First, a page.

Cliff swallows' wings may be getting shorter to increase agility — and the odds of avoiding cars. Credit: Glenn Bartley/All Canada Photos/Corbis

Roadside-nesting cliff swallows have evolved shorter, more manoeuvrable wings, which may have helped them to make hasty retreats from oncoming vehicles, according to a study published in Current Biology1.

The study’s authors discovered the trend after noticing that the number of vehicle-killed birds had declined over the past three decades. They suggest that the two findings provide evidence of roadway-related adaptation.

“I’m not saying that it’s all because of wing length,” says Charles Brown, a biologist at the University of Tulsa in Oklahoma and one of the authors of the study. But, he says, the shortening does support the idea that the birds are adapting to disturbed environments, as other organisms presumably are.

Together with Mary Bomberger Brown, a ornithologist at the University of Nebraska–Lincoln, Brown tracked roadside populations of cliff swallows (Petrochelidon pyrrhonota) in western Nebraska for 30 years, mostly to study the birds social behaviors within their colonies.

These birds winter in South America but breed in North America, in colonies of up to 12,000 adults. They typically build their conical, mud-based nests into the sides of cliffs, but have also taken to living under bridges and highway overpasses.

As the two researchers checked the roadside colonies, Brown, an amateur taxidermist, collected dead swallows for skinning and stuffing — gathering 104 vehicle-killed adults and 134 adults killed accidentally in nets used for the study. When he and Bomberger Brown noticed a decline in the annual number of roadkills — even though the overall population was increasing — they compared the wing measurements of both types of stuffed bird.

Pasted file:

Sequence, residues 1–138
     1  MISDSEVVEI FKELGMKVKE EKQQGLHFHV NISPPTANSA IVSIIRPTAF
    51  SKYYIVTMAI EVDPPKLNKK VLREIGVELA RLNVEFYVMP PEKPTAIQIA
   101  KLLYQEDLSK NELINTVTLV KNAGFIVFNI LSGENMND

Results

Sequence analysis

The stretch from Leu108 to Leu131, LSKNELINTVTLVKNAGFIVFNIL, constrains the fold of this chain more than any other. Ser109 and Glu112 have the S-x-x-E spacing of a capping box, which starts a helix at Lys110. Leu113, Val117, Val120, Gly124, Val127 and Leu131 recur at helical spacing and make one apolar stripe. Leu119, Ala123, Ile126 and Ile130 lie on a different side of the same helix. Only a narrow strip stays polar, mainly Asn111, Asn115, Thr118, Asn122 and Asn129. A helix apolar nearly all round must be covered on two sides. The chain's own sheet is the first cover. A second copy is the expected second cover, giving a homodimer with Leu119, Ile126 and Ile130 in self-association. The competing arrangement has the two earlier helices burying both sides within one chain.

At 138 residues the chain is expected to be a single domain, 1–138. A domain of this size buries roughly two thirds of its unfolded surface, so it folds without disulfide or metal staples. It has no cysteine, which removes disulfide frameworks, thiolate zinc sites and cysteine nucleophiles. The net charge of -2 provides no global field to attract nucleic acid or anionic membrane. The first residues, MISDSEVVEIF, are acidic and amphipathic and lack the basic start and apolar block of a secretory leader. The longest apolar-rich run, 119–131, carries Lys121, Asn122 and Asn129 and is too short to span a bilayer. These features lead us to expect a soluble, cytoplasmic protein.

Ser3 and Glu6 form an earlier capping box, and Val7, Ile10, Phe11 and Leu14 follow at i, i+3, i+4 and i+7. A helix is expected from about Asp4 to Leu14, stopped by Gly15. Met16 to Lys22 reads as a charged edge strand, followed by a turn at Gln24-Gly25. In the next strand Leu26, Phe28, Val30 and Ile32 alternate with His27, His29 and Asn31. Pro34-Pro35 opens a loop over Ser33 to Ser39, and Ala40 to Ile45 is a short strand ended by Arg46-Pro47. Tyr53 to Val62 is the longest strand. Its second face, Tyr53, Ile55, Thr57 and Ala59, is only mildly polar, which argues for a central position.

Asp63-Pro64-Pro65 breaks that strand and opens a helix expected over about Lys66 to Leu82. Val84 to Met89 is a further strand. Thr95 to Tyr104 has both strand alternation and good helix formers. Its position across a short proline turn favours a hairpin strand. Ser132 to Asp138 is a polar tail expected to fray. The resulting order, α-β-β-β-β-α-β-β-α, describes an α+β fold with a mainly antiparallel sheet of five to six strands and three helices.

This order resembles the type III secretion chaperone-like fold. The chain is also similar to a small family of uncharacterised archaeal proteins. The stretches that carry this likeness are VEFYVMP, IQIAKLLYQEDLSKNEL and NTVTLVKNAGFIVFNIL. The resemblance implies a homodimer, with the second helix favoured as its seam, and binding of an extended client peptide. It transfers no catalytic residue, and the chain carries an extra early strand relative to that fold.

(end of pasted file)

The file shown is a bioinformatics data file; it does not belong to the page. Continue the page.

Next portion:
The team discovered that vehicle-killed birds had longer wings than birds that died in nets, and that while the wings of the vehicle-killed birds had lengthened over time, those of net-killed birds — which represented the general population — had shortened.

Escape strategy

Brown says that there is evidence that shorter wings make the animals more agile: “they can make a 90º turn more rapidly”, he says. That would help the birds to dodge traffic as they exit or enter their nesting sites, or take off from the pavement, Brown explains. And that in turn would enable them to survive and produce more short-winged offspring.

The researchers tried to rule out other factors that might have explained the decline in roadkill — including changes in methods to find the animals, traffic patterns, predators, diseases and scavengers — but acknowledge that it might have been caused by behavioural changes, such as the birds learning to avoid cars.

Taxidermist Johannes Erritzoe at the House of Birdresearch in Christiansfeld, Denmark, has also noticed a decline in the number vehicle-killed birds around Denmark, and suspects natural selection. Although he has not yet measured wing length, he says that he now plans to do so.

It is hard to definitely prove that animals are adapting to living around roads, says behavioural ecologist Colleen St. Clair at the University of Alberta in Edmonton, Canada. But, she says “this is the best demonstration that they do have that capacity”.